Lottery

I am not sure if I mentioned it, but when you send nengajo New Year’s cards, most of the standard cards you can buy have a lottery number printed on the back. You then hold on to all the cards you received until mid January, when the winning numbers are drawn, and then you have half a year’s time to go a post office and claim any prizes you have won.

Prizes start from sheets with stamps (it is a post office lottery after all) for correct two-digit numbers, local specialities for the correct 4 digit number (this year you could choose among specialities from 38 of Japan’s provinces) and the first prize for 6 correct digits are a holiday trip, household appliances (TV, washing machines, etc), or 100.000 YEN.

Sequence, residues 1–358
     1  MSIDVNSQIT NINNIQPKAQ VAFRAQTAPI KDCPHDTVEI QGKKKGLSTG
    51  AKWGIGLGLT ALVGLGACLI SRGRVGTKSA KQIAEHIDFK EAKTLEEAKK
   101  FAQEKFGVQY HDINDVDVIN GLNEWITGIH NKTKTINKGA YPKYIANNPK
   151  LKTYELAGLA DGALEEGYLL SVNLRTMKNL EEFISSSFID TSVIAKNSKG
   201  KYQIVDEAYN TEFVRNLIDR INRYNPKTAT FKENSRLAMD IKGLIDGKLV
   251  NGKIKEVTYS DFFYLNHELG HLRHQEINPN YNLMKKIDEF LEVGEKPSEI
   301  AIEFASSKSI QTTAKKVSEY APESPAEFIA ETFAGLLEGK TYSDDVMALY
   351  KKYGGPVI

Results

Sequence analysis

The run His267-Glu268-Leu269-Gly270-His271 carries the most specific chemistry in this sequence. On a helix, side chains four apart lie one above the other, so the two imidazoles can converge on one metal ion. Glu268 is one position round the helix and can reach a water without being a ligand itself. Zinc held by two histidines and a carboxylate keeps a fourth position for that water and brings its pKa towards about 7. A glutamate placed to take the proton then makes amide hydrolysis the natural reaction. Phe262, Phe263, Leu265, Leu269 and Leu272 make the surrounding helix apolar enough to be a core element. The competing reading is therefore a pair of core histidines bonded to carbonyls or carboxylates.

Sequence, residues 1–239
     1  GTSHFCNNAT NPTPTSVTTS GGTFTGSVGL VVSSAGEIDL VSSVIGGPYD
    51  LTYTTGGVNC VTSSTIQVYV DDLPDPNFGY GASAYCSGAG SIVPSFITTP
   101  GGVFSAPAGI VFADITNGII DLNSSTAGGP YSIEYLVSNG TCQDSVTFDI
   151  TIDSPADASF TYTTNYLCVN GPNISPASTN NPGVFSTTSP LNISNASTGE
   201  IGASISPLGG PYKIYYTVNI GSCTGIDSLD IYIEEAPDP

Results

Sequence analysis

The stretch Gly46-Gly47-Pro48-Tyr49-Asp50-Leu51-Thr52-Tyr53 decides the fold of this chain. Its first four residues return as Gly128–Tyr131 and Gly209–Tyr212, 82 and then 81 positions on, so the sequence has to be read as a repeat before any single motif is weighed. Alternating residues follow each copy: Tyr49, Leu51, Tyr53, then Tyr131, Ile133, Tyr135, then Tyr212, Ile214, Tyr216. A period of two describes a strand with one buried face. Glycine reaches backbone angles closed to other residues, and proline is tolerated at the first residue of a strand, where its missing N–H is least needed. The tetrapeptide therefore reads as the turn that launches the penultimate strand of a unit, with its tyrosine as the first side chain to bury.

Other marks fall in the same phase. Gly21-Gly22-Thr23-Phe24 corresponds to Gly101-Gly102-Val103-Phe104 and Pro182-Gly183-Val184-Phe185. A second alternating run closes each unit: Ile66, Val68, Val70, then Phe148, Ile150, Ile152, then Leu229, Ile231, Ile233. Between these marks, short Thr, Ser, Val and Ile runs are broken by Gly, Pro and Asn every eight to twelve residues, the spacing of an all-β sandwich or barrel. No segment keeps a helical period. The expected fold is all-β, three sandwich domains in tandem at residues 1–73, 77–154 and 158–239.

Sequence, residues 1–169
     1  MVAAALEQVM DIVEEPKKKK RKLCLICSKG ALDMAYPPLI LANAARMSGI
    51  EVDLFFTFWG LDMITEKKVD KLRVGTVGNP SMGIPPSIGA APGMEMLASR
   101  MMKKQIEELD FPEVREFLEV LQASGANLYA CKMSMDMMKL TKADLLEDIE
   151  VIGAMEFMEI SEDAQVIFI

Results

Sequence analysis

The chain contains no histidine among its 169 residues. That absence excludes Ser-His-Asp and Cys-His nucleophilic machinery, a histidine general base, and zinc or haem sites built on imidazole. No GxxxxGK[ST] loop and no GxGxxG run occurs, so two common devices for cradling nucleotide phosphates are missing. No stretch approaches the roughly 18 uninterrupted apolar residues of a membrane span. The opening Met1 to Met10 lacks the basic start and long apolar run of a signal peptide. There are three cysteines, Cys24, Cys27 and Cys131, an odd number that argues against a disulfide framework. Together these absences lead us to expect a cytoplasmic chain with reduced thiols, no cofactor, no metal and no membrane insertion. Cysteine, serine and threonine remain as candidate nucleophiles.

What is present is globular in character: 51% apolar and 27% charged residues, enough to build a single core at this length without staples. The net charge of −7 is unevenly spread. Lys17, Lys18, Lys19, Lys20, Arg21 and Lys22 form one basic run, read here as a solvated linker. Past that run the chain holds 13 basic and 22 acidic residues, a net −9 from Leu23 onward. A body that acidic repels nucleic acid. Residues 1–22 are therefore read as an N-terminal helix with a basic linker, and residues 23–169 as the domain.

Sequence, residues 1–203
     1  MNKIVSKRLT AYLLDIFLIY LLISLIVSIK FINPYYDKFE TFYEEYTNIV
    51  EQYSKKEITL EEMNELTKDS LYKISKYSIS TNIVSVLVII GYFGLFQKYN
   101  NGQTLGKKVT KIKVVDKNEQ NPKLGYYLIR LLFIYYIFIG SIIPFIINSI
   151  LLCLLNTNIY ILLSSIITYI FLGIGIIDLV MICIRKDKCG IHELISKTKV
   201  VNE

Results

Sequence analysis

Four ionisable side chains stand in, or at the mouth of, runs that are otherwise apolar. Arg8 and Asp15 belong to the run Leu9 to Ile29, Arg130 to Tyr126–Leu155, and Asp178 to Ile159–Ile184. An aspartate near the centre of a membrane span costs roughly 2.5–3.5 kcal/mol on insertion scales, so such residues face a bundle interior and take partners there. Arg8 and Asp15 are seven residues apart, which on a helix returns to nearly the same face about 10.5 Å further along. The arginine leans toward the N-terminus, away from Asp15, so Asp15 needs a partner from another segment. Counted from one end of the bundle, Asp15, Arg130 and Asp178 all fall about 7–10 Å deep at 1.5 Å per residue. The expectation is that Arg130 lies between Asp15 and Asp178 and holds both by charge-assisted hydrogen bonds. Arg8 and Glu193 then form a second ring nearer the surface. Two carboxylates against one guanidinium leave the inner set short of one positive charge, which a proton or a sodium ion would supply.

nengajo lottery winning numbersThese are the lucky numbers for this year. Unfortunately, I was only 75% lucky: I had the 648 of the middle prize, but no 9 in front of it… Of course, since I only received seven cards, this was to be expected. Friends told me that they send around 100 nengajo each year, which means they should receive just as many in return. In that case, it is easier to be lucky, no?

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